|Clinchers v.s. Tubular||Jervis|
Jun 22, 2003 8:27 AM
|What's the difference here? Is it pretty much the equivalent to mtb tubular and tubless? Do they require different rims?
|re: Clinchers v.s. Tubular||rrjc5488|
Jun 22, 2003 10:54 AM
|Yup they require special rims. Tubular tires have the tube sewn into the tire, whereas a clincher has a tube with a tire surrounding it. Tubular rims are generally a few grams lighter, as well as the tires. I've heard the tubular tires feel more supple on the road, but i've ridden both and dont really feel any difference (except for the difference weight of the wheels). The tubular tires you have to glue on the rim and clinchers you dont. If you're going to go tubular, use the wheels for racing only. Flatting with tubulars can get expensive. Sorry, I dont know about the MTB tubeless rims.|
|re: Clinchers v.s. Tubular||cxer|
Jun 22, 2003 2:36 PM
|MTB tubeless are basically clinchers without an innertube- like a car or motorcycle tire. They allow you to do the opposite of what you want on the road. They allow you to run really low psi without pinch flatting.
Tubulars, as the other post states, are sewn tires that are glued to the rim. The reason these ride superior to clinchers is the fact you have a true round shape to contact the road. A clincher is not round but "U" shaped.
The round tubular is better at cornering and comfort as a round profile naturally absorbs impacts better than the "U" shape. You can also run much more psi and tubulars are MUCH lighter than clinchers. Up to a 1/2 pound or more. And, you loose the weight where it counts- at the rim. Tubulars have very high tpi counts- much more than clinchers. That translates into better performance, feel and control.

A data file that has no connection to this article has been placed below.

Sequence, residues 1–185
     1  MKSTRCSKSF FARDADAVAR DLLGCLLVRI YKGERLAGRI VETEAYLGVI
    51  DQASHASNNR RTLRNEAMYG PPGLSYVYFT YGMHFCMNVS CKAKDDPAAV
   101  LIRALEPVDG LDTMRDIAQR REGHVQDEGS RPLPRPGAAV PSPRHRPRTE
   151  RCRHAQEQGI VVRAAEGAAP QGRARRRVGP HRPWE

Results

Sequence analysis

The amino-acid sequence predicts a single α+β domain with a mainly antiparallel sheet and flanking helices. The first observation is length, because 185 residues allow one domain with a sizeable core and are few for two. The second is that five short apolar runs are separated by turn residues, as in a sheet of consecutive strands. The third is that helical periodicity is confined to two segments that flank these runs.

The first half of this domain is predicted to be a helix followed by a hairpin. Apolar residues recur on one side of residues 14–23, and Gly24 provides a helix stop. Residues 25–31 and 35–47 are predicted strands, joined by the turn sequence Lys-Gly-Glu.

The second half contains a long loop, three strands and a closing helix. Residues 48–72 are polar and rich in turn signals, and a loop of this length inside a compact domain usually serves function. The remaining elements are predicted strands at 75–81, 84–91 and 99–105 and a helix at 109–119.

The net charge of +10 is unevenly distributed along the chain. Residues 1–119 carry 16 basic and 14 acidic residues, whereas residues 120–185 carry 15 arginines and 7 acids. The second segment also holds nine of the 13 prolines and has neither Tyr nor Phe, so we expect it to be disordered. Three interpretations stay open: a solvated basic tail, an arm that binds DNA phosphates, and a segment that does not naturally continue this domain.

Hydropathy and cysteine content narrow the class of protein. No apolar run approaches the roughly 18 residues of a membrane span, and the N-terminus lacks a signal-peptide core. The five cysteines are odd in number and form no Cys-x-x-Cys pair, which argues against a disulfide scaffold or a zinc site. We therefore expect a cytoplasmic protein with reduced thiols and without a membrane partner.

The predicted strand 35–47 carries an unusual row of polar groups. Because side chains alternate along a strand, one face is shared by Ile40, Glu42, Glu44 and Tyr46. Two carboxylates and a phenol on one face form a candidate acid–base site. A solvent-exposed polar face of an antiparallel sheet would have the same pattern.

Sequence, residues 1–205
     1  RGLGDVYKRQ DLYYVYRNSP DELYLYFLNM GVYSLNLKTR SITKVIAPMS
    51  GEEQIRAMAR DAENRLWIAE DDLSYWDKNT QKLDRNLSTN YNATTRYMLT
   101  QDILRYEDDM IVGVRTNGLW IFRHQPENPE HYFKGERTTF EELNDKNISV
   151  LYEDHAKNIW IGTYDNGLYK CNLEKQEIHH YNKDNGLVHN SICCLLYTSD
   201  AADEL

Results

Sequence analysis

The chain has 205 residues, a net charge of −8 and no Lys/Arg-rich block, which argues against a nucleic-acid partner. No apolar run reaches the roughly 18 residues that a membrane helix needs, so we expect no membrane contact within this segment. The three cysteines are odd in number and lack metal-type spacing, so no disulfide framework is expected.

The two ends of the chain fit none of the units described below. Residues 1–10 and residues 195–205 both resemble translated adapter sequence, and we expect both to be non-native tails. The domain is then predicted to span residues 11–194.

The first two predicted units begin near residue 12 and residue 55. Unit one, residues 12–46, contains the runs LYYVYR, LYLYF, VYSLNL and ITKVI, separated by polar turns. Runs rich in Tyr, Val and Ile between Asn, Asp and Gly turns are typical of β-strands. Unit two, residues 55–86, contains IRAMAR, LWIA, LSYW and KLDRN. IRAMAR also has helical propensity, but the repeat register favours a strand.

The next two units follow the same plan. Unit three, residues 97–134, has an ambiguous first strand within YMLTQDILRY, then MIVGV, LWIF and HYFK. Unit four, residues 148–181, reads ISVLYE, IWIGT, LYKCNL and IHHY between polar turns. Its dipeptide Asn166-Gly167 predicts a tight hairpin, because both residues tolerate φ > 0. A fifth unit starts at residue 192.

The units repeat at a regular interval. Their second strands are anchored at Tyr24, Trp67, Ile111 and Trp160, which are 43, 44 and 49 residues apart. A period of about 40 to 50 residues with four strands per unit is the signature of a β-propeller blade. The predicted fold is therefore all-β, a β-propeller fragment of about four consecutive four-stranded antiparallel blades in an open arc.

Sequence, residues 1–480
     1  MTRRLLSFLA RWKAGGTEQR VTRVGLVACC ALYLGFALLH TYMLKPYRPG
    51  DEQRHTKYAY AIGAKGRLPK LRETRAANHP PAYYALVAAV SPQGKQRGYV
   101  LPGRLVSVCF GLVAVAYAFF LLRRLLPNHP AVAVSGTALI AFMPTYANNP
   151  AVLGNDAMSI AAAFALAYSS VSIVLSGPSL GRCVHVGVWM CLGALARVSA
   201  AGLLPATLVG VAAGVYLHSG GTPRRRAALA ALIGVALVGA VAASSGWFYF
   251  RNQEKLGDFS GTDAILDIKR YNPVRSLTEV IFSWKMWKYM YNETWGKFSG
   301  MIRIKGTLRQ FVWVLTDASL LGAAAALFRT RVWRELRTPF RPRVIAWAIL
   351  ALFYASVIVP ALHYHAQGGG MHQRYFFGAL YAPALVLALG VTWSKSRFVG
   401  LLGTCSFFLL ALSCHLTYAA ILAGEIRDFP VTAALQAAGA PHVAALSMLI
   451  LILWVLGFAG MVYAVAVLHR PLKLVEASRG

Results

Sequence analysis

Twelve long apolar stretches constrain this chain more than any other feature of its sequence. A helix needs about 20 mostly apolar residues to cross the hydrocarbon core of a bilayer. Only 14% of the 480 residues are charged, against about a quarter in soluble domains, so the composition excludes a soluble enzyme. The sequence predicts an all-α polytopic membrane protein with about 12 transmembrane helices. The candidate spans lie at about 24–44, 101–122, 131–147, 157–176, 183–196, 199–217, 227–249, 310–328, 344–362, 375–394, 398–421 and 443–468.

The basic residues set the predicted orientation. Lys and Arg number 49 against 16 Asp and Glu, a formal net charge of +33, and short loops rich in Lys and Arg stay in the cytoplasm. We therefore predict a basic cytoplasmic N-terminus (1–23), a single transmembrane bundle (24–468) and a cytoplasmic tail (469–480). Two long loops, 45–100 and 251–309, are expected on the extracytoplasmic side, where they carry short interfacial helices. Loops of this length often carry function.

There is a learning curve with using tubulars but they puncture less frequently. Although I agree that they are a race-only system (for me anyway).
|I ride them every day.....||Alexx|
Jun 22, 2003 4:24 PM
|tubulars ride much, much better than clinchers, provided you buy DECENT tubulars, not those nasty Vittoria junk ones.
Sure, tubulars are the preferred tire for racing, but many, many people use them for everyday riding too. Flat changes are much quicker on the road with tubulars, but it's just delayed maintenance-when you get around to actually fixing the tire, that's when you pay for the better ride and lighter weight.
|I ride them every day.....||lithiapark|
Jun 22, 2003 4:44 PM
|As a mountain biker beginning to ride the roads, my only tires have been clinchers and I have never thought about how to change a tubular on the road. I've read on how to mount them in the shop, and it seems like it would be hard to replicate on the road. I'm always up for trying something new and tubulars seem worth a go. Any help for a tubular newbie? Thanks.|
|Nothing new about tubulars:||Alexx|
Jun 23, 2003 3:27 AM
|They've been around since probably 1885.
FWIW, on-the-road tubular changes are best done with a pre-glued tire, but even so, you can't consider that tire to be fully bonded until the glue sets for a few hours. I wouldn't suggest using tubulars on any bike normally ridden in the rain.